The Value of Service Sector Summer Jobs
By Cicely Simpson, Executive Vice President, Policy & Government Affairs, National Restaurant Association, NRA is a founding member of the Path Forward Coalition
Summer is a sacred time for students. Their days cooped up with books have come to an end, and a stretch of sun and care-free afternoons await. But for many of America’s teenagers, summer vacation is more than just a chance to take a break from the classroom. It’s an opportunity to gain valuable skills that they will take with them long after graduation. As teenagers and college kids fill their not-so-lazy summer days with flexible summer jobs, many of them will look to the service industry for not only a paycheck, but also as the first building block of their career.
At Path Forward, we know that the service sector offers workers a chance to start their careers, grow personally and professionally, and progress toward opportunities both inside and outside of the industry. A project of the National Retail Federation and the National Restaurant Association, Path Forward provides a voice for the businesses and employees that make up the retail and restaurant community. The service sector provides young people the opportunity to gain that first real job experience despite perhaps not having a degree or work experience elsewhere. This low barrier to entry is a unique attribute of the service industry and we are excited to dedicate May as “Season for Success” month. Throughout May, we will share the stories and outlooks of retail and restaurant businesses and workers as they continue, this summer and for years to come, to provide young people with rewarding summer job experiences.
Landing that first job can be tough, especially for young people who have not yet had the chance to acquire the skills employers value. Throughout the past several years, it has become increasingly difficult for young people to find summer employment. When combined, the restaurant and retail industry is the number one employer of the country’s working teenagers. As the service sector prepares for an annual hiring spike during the busy summer vacation season, this number is even greater. In fact, the restaurant industry is typically the nation’s second largest creator of seasonal jobs during the summer. Every year, 16-to-24 year olds rely on the service industry to give them their first shot at joining the workforce and job experience to start building their resumes.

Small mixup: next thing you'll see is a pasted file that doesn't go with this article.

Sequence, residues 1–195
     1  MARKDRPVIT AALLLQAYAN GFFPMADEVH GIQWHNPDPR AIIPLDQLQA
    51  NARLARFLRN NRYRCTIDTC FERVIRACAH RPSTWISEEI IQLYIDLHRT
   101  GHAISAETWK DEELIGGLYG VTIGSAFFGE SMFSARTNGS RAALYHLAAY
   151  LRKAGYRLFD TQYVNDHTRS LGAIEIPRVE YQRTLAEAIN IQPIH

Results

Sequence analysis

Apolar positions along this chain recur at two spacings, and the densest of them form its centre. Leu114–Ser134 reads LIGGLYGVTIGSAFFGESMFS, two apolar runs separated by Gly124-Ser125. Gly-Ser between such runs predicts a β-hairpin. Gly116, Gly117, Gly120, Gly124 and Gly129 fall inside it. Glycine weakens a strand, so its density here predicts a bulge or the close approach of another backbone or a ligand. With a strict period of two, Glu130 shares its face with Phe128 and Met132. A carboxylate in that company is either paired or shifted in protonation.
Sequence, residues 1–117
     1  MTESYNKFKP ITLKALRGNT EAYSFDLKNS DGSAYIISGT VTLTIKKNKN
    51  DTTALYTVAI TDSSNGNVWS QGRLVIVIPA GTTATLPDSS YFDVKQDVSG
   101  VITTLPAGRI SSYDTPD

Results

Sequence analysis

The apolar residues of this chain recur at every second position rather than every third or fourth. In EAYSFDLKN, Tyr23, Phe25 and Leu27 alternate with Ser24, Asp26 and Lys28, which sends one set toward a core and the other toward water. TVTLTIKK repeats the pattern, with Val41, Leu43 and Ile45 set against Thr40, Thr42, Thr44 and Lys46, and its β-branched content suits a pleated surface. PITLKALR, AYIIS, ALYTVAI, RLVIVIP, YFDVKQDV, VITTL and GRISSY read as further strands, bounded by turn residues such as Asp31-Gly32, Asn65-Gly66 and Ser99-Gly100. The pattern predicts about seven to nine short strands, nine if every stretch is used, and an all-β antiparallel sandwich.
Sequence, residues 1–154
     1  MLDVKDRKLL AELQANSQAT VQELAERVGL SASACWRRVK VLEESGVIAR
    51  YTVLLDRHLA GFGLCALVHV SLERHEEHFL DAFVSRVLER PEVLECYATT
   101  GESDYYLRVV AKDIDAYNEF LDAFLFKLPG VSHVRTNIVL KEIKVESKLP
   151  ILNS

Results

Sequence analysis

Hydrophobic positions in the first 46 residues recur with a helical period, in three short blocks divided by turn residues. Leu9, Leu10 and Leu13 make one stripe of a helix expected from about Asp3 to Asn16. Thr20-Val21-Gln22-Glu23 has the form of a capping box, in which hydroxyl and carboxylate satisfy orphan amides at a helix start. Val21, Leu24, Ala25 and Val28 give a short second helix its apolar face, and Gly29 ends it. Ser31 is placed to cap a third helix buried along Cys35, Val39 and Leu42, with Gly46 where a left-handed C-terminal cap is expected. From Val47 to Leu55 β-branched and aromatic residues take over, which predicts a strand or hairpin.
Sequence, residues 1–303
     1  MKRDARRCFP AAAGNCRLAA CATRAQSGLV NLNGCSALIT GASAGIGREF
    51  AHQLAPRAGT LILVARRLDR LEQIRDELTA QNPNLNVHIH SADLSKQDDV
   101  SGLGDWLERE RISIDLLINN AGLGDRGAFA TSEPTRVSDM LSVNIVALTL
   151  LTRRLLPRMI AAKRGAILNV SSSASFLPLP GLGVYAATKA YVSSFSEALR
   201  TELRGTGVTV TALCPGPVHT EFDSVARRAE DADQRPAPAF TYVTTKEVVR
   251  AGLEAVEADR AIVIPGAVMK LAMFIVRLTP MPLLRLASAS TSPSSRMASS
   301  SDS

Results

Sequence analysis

While some young people look to summer jobs to earn money for tuition and school costs, these roles also teach the skills needed for success in any job a high school or college student wishes to pursue as they progress in their career. According to a 2015 Restaurant Skills Survey, 92 percent of respondents said their early restaurant jobs helped them learn and develop the attributes of dependability and reliability, and nearly nine in 10 said these jobs taught them teamwork, adaptability and flexibility, as well as the willingness to learn. Fostering these types of characteristics in young people sets them up to thrive both in the workplace and in life.
Managing a schedule of full-time work and school can be a balancing act. Part-time and temporary employment in the service industry allows students the flexibility to work around the school calendar. In fact, nearly 70 percent of part-time retail employees have chosen this schedule. For high school and college kids, accepting a summer job eliminates the stress of having to balance both work and school commitments come fall. For those students enrolled in summer classes, part-time work gives them the flexibility they need to be both dedicated workers and scholars. And when the tuition bill rolls in, many employers in the retail and restaurant sector offer assistance programs to help employees offset the cost of education.
Everyone starts their career somewhere, and for many Americans that place is the service industry. President Barack Obama recently reflected on his teenage days scooping ice cream at a Baskin-Robbins in Hawaii, saying “I’ll never forget that job — or the people who gave me that opportunity — and how they helped me get to where I am today.” Throughout the next few months, stores and restaurants will be doing just that. Helping millions of Americans take their first steps toward fulfilling, successful careers.